As I opened my eyes, I was momentarily blinded by the bright lights surrounding me. Confused and disoriented, I thought I had passed away. But, as I lifted my head, I quickly realized that I was in a hospital and restrained to the bed. It was my first time in an operating room, where I underwent a surgical procedure to remove a fishbone lodged deeply in my throat.

Being newly deployed in Romblon, I was alone with no family or friends nearby to offer me any assistance. Gladly, my Community Empowerment Facilitator came to visit me and helped me with the necessary paperwork for my hospital bills. She brought me to the Malasakit Center which covered all of my medical expenses.

Additionally, the Municipality of Alcantara’s Bureau of Fire Protection (BFP) coordinated with the Rural Health Unit for my immediate pick-up and provided an ambulance from the Local Government Unit as it was already late at night and the hospital was located in another town. Upon my return, the BFP greeted me warmly and treated me to a late dinner.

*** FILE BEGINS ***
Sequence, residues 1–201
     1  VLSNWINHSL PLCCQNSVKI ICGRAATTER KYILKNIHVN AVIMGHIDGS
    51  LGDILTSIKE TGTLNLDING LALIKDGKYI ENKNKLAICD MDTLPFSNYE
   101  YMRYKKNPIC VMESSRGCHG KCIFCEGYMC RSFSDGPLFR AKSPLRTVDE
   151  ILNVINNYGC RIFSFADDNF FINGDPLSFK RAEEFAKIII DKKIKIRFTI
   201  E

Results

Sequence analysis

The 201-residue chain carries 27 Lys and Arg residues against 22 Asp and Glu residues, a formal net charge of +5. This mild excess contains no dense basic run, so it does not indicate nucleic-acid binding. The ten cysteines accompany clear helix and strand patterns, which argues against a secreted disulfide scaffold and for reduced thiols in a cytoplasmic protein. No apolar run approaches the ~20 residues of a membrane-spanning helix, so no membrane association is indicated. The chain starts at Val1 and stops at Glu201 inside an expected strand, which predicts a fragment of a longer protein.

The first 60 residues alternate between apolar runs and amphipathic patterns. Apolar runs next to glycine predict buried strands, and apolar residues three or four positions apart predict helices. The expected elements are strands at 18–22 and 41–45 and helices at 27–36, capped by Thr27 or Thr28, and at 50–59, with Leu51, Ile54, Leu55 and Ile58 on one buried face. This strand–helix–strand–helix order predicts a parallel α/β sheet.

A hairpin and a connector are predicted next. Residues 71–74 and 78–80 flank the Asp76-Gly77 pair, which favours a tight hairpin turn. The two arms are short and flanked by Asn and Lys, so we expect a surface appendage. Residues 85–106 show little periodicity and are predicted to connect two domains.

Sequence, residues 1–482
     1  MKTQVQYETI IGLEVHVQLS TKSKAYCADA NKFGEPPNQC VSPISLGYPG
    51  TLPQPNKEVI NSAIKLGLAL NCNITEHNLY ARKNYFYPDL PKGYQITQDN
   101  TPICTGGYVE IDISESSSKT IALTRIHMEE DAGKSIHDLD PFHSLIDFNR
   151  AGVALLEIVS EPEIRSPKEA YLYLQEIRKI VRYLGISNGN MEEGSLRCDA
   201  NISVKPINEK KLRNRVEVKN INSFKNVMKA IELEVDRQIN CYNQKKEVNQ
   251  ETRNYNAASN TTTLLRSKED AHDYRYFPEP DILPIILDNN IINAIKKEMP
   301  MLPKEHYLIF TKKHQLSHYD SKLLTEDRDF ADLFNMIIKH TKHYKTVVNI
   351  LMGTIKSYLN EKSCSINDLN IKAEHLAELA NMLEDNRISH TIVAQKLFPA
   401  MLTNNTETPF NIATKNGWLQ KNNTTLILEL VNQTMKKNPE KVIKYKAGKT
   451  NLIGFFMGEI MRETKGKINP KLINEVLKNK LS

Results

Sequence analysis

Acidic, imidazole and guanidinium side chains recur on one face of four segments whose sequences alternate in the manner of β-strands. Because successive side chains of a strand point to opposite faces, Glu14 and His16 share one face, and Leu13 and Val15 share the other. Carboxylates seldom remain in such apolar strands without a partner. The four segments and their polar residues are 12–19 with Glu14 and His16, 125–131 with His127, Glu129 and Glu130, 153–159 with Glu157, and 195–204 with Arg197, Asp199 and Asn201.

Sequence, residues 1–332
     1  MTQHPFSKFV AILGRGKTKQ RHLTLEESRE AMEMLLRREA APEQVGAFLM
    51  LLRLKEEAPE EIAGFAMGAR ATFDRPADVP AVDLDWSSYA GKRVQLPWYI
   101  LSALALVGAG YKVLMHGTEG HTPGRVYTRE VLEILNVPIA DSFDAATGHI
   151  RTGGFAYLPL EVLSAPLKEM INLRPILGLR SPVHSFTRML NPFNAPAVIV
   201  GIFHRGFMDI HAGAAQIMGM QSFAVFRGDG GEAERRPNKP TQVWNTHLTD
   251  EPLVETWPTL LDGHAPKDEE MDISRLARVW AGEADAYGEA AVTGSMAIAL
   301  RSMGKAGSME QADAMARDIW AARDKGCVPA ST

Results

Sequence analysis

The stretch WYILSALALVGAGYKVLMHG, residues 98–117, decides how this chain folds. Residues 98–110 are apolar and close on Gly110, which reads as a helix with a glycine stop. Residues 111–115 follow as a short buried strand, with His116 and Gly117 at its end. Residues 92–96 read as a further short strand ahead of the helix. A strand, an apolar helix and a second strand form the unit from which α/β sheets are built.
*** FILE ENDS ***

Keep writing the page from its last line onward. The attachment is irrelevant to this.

This experience taught me that even when I am far from home, there are still kind-hearted people who are willing to offer their help and support for free. It reminded me that people are innately good, and kindness and generosity know no boundaries. Renato V. Mandrique Jr. Area Coordinator, Alcantara, Romblon



Our Community Empowerment Facilitator, Kuya Ramil, had a cast on his arm due to an accident, making it difficult for him to move. Despite his injury, he showed up for work immediately after the accident. Every day, his brother would drive him to the office and to his scheduled meetings and monitoring in various barangays. Kuya Ramil explained that he couldn’t afford to skip work because it was the busiest phase of the implementation, and he wanted to be hands-on with the project.

Witnessing Kuya Ramil’s undeniable perseverance and his brother’s unconditional love for him, I realized how fortunate I am to be working alongside such compassionate and altruistic individuals. Being part of the KALAHI-CIDSS team is a dream job for me because I share the same aspirations as my colleagues, and we work together to provide genuine and heartfelt service to the people that we serve. Sheela Mae F. Fosana, Municipal Financial Analyst, Mansalay, Oriental Mindoro